The Black Light Express by Philip Reeve
A couple years ago I read a book called Mortal Engines and it was a great inventive Sci-fi tale. Then when I found out it had many sequels. When I decided to check out the second book I found it retconned so much of the first book and number of bizarre nonsensical story choices were made that it really was not all that enjoyable. But because I liked the first books much I decided to read another series from this author. I read a book called Railhead and really liked it and now I decided to read the sequel. I was a bit worried the same thing may happen with this series as with Mortal Engines but I gave it a try anyways. Here is my review of The Black Light Express by Philip Reeve.
So what is it about? First of all, this series take place in a world where the human race has stretched itself across a good chunk of the galaxy by use of a teleportation technology called K gates and their train system. In the prior book, the lead Zen Starling and his android girlfriend, Nova, must travel to a forbidden K gate to a series of alien inhabited worlds as he is on the run form the law. Meanwhile Threnoby the princess of the human galaxy has been elected Empress.
The story follows Zen and Nova as explore the new worlds and look for secrets behind the origins of the K-Gates. It also follows Threnoby as her palace comes under attack by a rival royal family. When they lose the war, she goes on the run and finds her way to the forbidden K-Gates for safety. She joins Zen on his quest. To get back home and reclaim the crown though, they must fight aliens, save Nova from a kidnapping, discover the truth about the K gate technology and must confront one of the digital beings that humans worship about their lies.
So the good and bad? Let’s start with the good. First, my worries about if this sequel will make sense in context with the first novel did not come true. It’s a tale that properly continues and builds on the event of the first novel. Also with that it continued the story in an exciting way. To see these aliens’ worlds was great. The exploration of Zen’s and Nova’s relationship was fantastic Despite how much Nova feels and cares for others like a human, it becomes increasingly clear that no matter how much she tries she is not human. The action is great. The lore of this world is phenomenal. It was a great popcorn scifi tale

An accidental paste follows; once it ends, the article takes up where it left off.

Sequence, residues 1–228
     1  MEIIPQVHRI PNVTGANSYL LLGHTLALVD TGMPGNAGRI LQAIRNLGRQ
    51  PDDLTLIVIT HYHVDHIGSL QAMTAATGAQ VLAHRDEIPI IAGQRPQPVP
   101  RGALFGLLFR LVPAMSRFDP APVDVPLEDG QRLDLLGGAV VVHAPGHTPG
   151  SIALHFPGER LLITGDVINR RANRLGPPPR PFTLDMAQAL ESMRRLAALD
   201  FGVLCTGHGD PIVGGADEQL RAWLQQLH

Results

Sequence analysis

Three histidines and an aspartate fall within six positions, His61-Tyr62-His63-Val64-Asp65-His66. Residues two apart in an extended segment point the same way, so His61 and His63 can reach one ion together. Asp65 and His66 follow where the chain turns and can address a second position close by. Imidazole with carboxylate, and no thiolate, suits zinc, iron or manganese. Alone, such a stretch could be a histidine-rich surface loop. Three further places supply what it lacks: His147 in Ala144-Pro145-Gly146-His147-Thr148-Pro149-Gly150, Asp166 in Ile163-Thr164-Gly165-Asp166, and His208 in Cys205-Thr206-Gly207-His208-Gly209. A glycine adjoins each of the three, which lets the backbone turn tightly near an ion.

The bad? This book is lacking on detail. The first one did too. But in this book when Zen goes to alien worlds, and met new species in their cultures, as a reader, I struggled to picture what much of it look like. It was hard to picture what was going on in action scenes as well. Then the tone of this book was strange. The first book explored some dark themes. Zen is forced into causing an act of terrorism against Threnoby’s family killing people and it explored the extreme guilt and consequences of what he did. This book starts off just as dark at first with a murder of a prominent character, but then proceeds to be light and fluffy young adult popcorn fun tone. Even when Zen and Threnoby must meet up again there’s no bad feelings between them. It’s all forgotten. It was like her family never died or that Zen no longer feels any guilt. The heaviness of the storytelling does vanish causing a strange shift in tone. Also this book is three hundred pages long and it shoves so many plot lines and alien worlds in that span at a breakneck pace. I feel it would be less overstuffed if it slowed down and took its time with things.
Overall, this is a fun popcorn scifi tale. It’s a great imaginative ride. Sure it has flaws. It needs more detail and it’s a fluffier campy read than the first book. But it’s a still totally worth the read. It’s not going to blow you away, but it’s some great scifi fun.
4 smoothies out of Five
Overall Rating: A Fun Campy Scifi Tale Worth Reading.